Forget 'Inverted Racism', Spurs' Tim & Others Just Aren't Good Enough
Take a no-make-up selfie; hang a grubby sock from your genitals. Some sections of this nation’s media would like to alert you to a serious and worthwhile cause: the forever sorry plight of the young English coach. 'Give them a ruddy chance', seems to be the message coming from the most parochial of tub-thumpers in the kickball press, ignoring the fact that some of them have been given access to the inner sanctum of Premier League Managerdom in recent years, it just turns out that many of them weren’t very good. Yes, Tony Adams, you tired old horse, we’re looking at you. Have a carrot.
Tim Sherwood is the latest local hero to have been given an opportunity at a top level club, and, as you’d expect in mind of his credentials (Hertfordshire-born, prone to hurling his body-warmer around in paroxysms of fervent animation) is getting a fairly easy ride from the tabloid faps who yearn for a native success story. Never mind that not mincing words and being angry aren’t really recognized managerial facets, they’re just pleased that he’s keeping the Spurs job away from another one of them highfalutin foreign-sounding types.
The goodwill toward Sherwood has got to the point where even a solid thudding isn’t likely to attract any form of criticism from his cohorts in the press; if anything the praise is offered even more gladly. When Spurs were pumped 4-0 by Chelsea earlier this month, Daily Mail columnist (and friend of Sherwood) Jamie Redknapp highlighted the act of publicly berating his players as a reason for giving him the job on a permanent basis. His emotional outburst demonstrated that he was a Proper Football Man®. Being unbalanced and mental showed that he cared. That he had guts.
Meanwhile, another journalist used the term ‘inverted racism’ on Twitter a few weeks ago, when a casual observer noted that Tim Sherwood's skillset appeared to be quite limited and that Louis Van Gaal might be the wiser choice for Spurs in the summer. The journalist then asked if Tim was too English for the sceptical onlooker, to which he replied, and we’re paraphrasing here: naw, he’s just sh*t. And this might be the gist of the damn thing.
The truth is that most football fans don’t much care what nationality their team’s coach is. It’s barely an afterthought; a mild source of intrigue, subsidiary to the important detail of is he any good? Until supporters’ want for success stops being their foremost concern then particulars like a man’s place of birth aren’t ever going to register. They’ll withstand a bounty of nonsense, if the team is winning and the manager is doing his job properly; kit colour changes, name changes, relocation. Having a Roberto in the dugout is fairly low on the list.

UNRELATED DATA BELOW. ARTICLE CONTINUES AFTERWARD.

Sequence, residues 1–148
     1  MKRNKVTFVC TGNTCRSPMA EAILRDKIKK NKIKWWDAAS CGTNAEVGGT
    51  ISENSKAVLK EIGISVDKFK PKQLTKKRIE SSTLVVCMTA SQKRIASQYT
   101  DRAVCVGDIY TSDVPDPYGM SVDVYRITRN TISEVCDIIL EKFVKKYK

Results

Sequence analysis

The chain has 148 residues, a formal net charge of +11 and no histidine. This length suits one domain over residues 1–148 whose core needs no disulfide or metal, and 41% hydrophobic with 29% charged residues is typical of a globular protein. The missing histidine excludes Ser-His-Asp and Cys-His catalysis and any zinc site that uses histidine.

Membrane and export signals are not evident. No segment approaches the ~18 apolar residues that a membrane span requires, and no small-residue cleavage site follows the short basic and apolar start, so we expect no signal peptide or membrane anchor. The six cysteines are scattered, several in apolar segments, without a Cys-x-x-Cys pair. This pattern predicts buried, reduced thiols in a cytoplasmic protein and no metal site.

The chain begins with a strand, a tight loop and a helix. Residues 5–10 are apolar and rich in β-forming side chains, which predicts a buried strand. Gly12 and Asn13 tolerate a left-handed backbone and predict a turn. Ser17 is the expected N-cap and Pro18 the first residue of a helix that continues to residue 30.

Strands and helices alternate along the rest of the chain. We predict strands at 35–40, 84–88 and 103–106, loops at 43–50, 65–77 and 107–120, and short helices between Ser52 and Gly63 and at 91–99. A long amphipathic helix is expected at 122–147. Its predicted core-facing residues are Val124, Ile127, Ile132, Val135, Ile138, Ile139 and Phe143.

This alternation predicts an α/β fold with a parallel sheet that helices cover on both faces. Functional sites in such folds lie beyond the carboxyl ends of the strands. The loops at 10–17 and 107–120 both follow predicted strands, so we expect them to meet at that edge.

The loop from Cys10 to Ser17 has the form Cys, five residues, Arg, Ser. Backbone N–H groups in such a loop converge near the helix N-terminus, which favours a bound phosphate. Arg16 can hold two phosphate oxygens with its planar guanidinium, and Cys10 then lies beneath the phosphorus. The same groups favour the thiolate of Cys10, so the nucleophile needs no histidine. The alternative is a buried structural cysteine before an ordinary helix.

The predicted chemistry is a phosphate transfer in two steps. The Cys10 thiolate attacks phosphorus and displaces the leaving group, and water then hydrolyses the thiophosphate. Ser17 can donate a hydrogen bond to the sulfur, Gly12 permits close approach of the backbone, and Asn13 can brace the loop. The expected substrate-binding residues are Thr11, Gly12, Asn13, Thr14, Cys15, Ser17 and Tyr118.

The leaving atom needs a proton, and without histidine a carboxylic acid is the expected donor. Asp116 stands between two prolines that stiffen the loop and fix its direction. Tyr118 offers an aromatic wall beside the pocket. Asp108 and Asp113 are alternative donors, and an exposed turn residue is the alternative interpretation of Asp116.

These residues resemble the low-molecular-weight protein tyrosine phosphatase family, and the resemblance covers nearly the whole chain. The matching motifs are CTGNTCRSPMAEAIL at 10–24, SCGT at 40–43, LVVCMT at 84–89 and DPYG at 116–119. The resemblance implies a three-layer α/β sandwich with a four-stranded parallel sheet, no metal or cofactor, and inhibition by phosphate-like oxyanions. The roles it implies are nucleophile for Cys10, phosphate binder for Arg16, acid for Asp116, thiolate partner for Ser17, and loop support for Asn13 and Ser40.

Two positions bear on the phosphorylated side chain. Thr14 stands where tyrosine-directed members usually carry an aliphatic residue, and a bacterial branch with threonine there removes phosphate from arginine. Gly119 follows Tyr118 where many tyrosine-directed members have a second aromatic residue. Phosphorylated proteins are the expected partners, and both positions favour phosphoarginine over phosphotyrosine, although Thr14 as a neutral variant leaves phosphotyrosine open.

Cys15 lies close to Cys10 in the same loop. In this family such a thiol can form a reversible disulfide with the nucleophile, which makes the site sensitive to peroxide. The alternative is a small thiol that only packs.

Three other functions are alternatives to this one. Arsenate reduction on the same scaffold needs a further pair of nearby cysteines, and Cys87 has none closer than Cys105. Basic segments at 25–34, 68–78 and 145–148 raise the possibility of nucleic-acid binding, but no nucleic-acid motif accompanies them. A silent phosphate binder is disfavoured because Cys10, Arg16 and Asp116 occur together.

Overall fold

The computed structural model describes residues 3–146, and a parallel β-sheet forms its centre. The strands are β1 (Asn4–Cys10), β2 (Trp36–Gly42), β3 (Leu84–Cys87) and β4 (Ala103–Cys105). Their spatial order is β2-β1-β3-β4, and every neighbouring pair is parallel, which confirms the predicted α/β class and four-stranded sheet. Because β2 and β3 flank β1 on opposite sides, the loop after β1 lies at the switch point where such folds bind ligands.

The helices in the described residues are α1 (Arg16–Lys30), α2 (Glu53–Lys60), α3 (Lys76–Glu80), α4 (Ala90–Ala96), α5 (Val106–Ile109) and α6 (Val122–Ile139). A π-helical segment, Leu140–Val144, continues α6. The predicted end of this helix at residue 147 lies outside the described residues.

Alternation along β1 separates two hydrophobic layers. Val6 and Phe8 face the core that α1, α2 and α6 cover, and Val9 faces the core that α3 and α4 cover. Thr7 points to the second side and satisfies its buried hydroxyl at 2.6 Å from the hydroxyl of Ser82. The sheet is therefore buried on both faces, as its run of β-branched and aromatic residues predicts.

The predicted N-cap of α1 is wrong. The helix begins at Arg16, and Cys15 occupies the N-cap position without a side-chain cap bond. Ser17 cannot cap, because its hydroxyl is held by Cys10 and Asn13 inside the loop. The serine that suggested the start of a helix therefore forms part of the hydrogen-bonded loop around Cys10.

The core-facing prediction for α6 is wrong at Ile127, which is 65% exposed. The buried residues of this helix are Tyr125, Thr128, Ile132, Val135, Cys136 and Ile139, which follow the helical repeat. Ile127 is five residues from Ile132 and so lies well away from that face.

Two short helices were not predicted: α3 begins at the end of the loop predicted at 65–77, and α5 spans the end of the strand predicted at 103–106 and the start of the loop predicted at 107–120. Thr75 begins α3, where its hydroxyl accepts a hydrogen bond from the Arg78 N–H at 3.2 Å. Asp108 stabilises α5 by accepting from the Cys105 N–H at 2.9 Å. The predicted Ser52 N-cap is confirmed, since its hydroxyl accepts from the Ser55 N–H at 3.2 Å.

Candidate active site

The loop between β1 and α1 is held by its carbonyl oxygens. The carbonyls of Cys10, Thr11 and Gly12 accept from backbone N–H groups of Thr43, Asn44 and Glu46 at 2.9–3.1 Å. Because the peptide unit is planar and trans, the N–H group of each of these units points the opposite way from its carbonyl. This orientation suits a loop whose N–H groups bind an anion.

Of course, it would be unreasonable to think that the Premier League couldn’t aspire to emulate Serie A, Ligue 1 and the Bundesliga, wherein nearly every club is under indigenous command. After all it’s a damning and surprising statistic that only three English managers have won a domestic trophy since Joe Royle lifted the F.A Cup with Everton in 1995. But, as long as the numbers of qualified and adept home-grown coaches remain sparse, and, as long as fans are detached to the whole issue, chairmen will always look across the waters and boarders first.
And they can’t really be blamed, either. Take a passing glance at the current crop of homers in the Premier League; a vanilla flavoured who’s-who of weather-beaten journeymen and under-qualified lobby boys; Steve Bruce, Tim Sherwood, Garry Monk and Sam Allardyce. Not a major honour between them. With all the generosity in the world, at the highest level, there just isn’t the required talent in this country available. There’s disharmony in the footballing cosmos. The young English coach is in trouble. Please give generously.